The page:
Students pair up, create video production company

Sam Kirby, 21, of Union, is a WKU senior broadcasting major and co-founder of the video production company VidMonster. Starting as a simple love of making videos for the internet, Kirby and friends coined the name VidMonster in 2010. From there, the work VidMonster produces has grown from YouTube comedy videos to a professional business providing video and photography services for a number of different platforms, such as weddings, events, graphic design, branding and product work. Kelsea Hobbs/HERALD

Forde Womack

A new competitor joined the advertising world this summer when WKU seniors Sam Kirby and Will Berry collaborated to create their own company, Vid Monster; a business offering various video and advertising services.

Kirby said he came into the video production world at a young age through shooting videos and editing with friends. He now studies television and film production in the School of Journalism and Broadcasting.

Berry learned technical video skills through a high school broadcasting class, where he learned how to edit video from a news standpoint. Kirby gained experience from working for the PBS station in Bowling Green.

“Working in the TV and film program helped me build myself professionally,” Kirby said. “And if it weren’t for the staff at the TV and film department, we wouldn’t have what we’ve made.”

Kirby and Berry have worked freelance for weddings, commercials and other projects, building their new business from scratch.

“We didn’t even have to take out a loan on this; it was all funded through me,” Kirby said. After forming the business idea over the summer, both Kirby and Berry worked together to handle legalities and acquire equipment.

“So Sam [Kirby] has a really good spin on a lot of the creative ideas, and I have a good spin on the concepts for the branding and commercials,” Berry said.

In its first two months, the company had gained around 20 clients; Vid Monster offers video services for short films, documentaries, commercials, music videos, weddings and more.

“The local thing is super important to us,” Kirby said. For example, he said they did a documentary for Operation P.R.I.D.E., a non-profit organization dedicated to community improvement. Vid Monster will also be working on projects for Orchestra Kentucky, Hope House Ministries and United Way of Southern Kentucky in coming months.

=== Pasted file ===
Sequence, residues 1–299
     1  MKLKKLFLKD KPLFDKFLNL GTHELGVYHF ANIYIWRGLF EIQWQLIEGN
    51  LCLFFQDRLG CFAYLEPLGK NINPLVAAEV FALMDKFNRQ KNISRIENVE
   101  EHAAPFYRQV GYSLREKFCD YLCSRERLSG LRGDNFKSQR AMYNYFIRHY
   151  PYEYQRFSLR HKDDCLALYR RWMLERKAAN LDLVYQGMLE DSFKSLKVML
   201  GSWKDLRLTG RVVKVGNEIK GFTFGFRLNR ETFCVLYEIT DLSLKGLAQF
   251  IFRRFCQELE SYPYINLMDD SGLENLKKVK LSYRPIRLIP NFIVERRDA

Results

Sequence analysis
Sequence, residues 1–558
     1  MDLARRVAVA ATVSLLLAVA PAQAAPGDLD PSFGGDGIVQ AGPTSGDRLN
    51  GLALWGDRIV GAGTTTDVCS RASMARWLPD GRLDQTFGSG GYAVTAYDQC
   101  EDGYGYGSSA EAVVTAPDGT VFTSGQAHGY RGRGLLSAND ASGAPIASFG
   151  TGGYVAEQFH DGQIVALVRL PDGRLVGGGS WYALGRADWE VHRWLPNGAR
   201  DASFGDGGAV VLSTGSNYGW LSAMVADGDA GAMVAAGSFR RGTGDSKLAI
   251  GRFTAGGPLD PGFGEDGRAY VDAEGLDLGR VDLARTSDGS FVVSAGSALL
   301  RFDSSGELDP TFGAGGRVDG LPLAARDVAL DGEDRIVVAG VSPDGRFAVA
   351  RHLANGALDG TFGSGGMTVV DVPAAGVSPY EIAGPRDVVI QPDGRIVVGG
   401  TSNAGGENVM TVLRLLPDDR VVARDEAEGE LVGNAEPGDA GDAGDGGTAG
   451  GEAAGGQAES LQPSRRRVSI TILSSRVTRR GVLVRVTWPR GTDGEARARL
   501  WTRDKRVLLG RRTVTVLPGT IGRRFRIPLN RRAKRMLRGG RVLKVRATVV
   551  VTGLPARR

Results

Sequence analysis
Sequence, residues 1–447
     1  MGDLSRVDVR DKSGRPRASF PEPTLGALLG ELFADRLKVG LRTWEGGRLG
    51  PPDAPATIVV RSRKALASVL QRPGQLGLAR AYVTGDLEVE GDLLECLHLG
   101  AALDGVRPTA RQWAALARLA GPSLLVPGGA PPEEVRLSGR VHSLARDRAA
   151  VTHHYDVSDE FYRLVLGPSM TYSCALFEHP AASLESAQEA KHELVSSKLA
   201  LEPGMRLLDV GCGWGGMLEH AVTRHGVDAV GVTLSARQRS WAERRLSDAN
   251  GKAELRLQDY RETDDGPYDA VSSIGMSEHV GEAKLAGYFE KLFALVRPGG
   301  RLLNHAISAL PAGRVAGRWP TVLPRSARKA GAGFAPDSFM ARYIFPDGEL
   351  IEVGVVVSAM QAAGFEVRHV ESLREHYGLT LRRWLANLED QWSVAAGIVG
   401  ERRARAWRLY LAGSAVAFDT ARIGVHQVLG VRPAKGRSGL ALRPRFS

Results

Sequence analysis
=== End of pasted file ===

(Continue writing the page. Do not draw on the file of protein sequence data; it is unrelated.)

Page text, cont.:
“We have an expansion plan to take place over the next 15 years to expand into three other locations in Kentucky and Nashville,” Berry said. Kirby added that Nashville would be “hard to get into because of the saturation of advertising, thanks to the music industry.”

Berry said the plan is to expand the company to Florence, where it will be able to generate funds needed to expand to the more competitive markets in Louisville and Nashville.

“We have geographic reach to Cincinnati from [Florence],” he said. “It’s a cheaper cost of living than any of the other places we want to expand, and a better competitive landscape.”

“If business keeps going the way its going in the next three to five years, it would be a no-brainer to start [in Florence],” Kirby said.

Kirby and Berry work almost 80 hours a week to accommodate their growing clientele.

“We’re bringing two contractors soon to help us with certain things,” Kirby said. “We’d like to hire someone full time by next year, but we’re playing it by ear.”

Reporter Forde Womack can be reached at 270-745-2655 and [email protected].

Ed. note: A previous version of this article stated that Berry worked at Bowling Green’s PBS station. Kirby worked there. The article also stated the pair hoped to have the main location of their company in Florence, when they actually wanted to expand there. These errors have been corrected. The Herald regrets the error.